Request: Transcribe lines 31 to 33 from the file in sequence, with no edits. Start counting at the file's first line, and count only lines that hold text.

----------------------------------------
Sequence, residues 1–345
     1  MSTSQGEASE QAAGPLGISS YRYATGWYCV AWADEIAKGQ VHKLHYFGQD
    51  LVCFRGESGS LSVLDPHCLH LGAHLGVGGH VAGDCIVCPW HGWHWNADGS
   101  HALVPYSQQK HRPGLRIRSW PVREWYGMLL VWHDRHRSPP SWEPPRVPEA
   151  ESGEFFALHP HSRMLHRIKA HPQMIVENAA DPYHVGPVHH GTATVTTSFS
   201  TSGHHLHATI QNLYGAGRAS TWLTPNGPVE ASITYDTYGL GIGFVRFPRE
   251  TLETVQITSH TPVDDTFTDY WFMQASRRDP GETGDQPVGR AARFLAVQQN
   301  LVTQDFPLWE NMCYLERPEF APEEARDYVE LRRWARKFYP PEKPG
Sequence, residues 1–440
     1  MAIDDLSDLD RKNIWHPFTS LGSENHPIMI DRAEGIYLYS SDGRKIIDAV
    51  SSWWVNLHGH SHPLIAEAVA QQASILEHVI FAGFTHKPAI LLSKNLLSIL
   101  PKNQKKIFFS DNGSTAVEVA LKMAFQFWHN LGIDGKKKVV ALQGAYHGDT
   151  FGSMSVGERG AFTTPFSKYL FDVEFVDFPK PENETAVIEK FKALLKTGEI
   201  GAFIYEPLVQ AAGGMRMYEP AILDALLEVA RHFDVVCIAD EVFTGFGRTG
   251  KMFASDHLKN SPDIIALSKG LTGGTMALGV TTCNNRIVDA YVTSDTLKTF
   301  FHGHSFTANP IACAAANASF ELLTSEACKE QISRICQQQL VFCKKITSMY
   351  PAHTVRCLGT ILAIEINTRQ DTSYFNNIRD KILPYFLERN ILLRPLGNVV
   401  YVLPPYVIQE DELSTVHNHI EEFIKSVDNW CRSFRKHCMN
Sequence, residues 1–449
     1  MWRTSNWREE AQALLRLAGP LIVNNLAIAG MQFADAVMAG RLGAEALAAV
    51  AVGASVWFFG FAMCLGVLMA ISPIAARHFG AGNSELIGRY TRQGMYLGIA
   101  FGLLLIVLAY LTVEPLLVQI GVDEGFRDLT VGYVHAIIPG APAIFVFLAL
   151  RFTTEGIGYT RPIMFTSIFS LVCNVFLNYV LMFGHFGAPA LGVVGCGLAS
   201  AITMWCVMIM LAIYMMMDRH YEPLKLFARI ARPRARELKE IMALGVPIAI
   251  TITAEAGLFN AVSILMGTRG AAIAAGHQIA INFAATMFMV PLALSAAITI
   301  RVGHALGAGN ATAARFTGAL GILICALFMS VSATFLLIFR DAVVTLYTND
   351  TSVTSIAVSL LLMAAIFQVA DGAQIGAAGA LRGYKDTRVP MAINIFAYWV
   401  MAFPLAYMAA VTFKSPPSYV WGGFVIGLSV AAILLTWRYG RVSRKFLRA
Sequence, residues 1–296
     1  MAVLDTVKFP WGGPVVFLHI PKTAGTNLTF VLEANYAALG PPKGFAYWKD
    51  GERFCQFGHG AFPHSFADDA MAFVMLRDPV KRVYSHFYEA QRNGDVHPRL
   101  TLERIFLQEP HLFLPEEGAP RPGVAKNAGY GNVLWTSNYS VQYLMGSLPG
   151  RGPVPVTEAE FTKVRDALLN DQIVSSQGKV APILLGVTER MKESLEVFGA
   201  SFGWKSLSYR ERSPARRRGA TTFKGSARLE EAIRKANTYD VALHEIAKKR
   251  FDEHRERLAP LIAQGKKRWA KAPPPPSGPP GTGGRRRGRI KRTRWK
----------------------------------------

    51  GERFCQFGHG AFPHSFADDA MAFVMLRDPV KRVYSHFYEA QRNGDVHPRL
   101  TLERIFLQEP HLFLPEEGAP RPGVAKNAGY GNVLWTSNYS VQYLMGSLPG
   151  RGPVPVTEAE FTKVRDALLN DQIVSSQGKV APILLGVTER MKESLEVFGA